The Froedtert Health network in Wisconsin has sent a clear message to employees claiming religious exemptions from COVID-19 vaccination: with an alternative to mRNA vaccines now available, get vaccinated or resign.
In an email to a Froedtert staff member obtained by WTMJ-TV, the health network’s COVID-19 Vaccine Religious Exemption Review Committee wrote, “Your original exemption submission and additional documentation you provided do not meet the criteria of explaining your sincerely held religious belief that conflicts with receiving the COVID-19 vaccine, including the new Novavax vaccine.”
The religious exemption will not be upheld, despite additional comments provided that “related to opinions or non-factual information,” the committee added. If the staff member does not get a first dose by September 21, they will be “considered voluntarily resigned.”
The move by Froedtert, which is affiliated with the Medical College of Wisconsin in Milwaukee, signals a blow to vaccine holdouts in the workplace, including healthcare providers, who have argued their religion prevents them from getting vaccinated.
While the Pfizer and Moderna vaccines are mRNA-based, Novavax is protein-based. Those who requested religious exemptions to their work or school policies have often cited the use of fetal material in mRNA vaccines or in their development, though neither Novavax nor the Pfizer and Moderna vaccines contain fetal tissue or DNA. However, it has been reported that laboratory-replicated fetal cell lines, some originating from abortions decades ago, have been used in the testing of mRNA vaccines.
Dorit Reiss, PhD, a professor at the University of California Hastings College of the Law in San Francisco, who has researched religious exemptions from vaccines, told MedPage Today it was only a matter of time before some employers, including hospitals, started to enforce vaccination policies after Novavax was authorized for use in August.
“I’ve said publicly before that I think Novavax does change the situation in relation to arguments about cell lines,” she said. “This is the first I’ve heard of an employer actually moving on it.”
An emailed statement from Froedtert to MedPage Today said, in part, “This protein-based vaccination option eliminates conflicts for those staff with religious or medical exemptions caused by mRNA-based vaccines and other concerns. Since those staff are now eligible for a vaccination that does not conflict with their religious beliefs or medical situation, their exemption will expire.”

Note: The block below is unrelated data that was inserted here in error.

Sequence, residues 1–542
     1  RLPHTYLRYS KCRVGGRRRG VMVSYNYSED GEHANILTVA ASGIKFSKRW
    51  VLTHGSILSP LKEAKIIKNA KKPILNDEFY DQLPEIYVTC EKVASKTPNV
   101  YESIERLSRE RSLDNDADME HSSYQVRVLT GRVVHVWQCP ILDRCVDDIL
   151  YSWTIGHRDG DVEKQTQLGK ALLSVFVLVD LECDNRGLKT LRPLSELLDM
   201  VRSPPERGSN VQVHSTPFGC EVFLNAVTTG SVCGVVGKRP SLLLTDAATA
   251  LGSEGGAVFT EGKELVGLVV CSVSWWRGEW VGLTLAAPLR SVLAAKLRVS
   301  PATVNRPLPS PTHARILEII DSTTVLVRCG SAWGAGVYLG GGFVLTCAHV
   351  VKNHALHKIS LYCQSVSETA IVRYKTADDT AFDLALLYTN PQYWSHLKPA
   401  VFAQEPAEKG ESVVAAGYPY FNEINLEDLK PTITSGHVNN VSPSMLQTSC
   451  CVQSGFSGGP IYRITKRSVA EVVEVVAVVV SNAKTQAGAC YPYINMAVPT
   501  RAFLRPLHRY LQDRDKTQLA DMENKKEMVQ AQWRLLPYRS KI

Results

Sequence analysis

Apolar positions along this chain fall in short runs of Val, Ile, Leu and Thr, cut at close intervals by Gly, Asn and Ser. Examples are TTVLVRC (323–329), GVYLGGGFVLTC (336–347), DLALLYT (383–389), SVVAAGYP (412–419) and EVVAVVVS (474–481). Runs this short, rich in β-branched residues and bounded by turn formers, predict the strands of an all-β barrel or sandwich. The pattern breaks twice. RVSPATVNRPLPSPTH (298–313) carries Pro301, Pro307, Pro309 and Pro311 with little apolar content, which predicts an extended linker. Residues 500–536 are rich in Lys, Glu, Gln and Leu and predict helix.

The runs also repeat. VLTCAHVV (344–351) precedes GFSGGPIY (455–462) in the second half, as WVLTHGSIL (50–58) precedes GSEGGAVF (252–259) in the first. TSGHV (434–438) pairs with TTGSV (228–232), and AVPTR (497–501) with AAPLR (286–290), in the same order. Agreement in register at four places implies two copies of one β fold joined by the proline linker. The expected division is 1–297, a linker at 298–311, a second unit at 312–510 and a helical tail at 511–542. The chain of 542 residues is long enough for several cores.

The health network said that the rule will affect less than 1% of their staff, and that “impacted employees” were given a chance to apply for another exemption before previous ones expired, noting they will uphold “valid medical exemptions and sincerely held religious exemptions.”
Reiss said of the many claims to back up religious exemptions she’s come across, the fetal cell line argument was perhaps the most common, partially because it might curry favor from pro-life judges. “If they can piggyback on the abortion debate, they’re more likely to win” in a dispute, she said. But other reasons, like the claim that some religions require blood to be free of contamination, have also been used.
Some vocal opponents of vaccine requirements may have anticipated the post-Novavax repercussions, and urged their followers to use other reasons to back up their religious objections, Reiss said.
For example, Cait Corrigan, a Boston University theology student behind a group called Students Against Mandates, posted an online outline to the group’s website with tips for “successful” religious exemption letters, writing, “Note you can write about aborted fetal tissue … but this is not enough! (You must talk about the issue of Blood in the vaccines, being made in the Image of God, etc.)” (MedPage Today could not confirm whether Corrigan is still a student at Boston University.)
But neither these types of arguments nor religious beliefs are likely to hold up in most courts, according to Reiss and other experts. “The standard for vaccine mandates in the workplace is, you can refuse an exemption if it’s an undue burden, like the burden of not having vaccinated employees at a hospital,” she said.
And though objections to vaccination itself may be sincere, “for most of them, I think it’s about safety concerns, many of them created by misinformation,” Reiss noted. “For most of them, the religion is a cover for that concern.”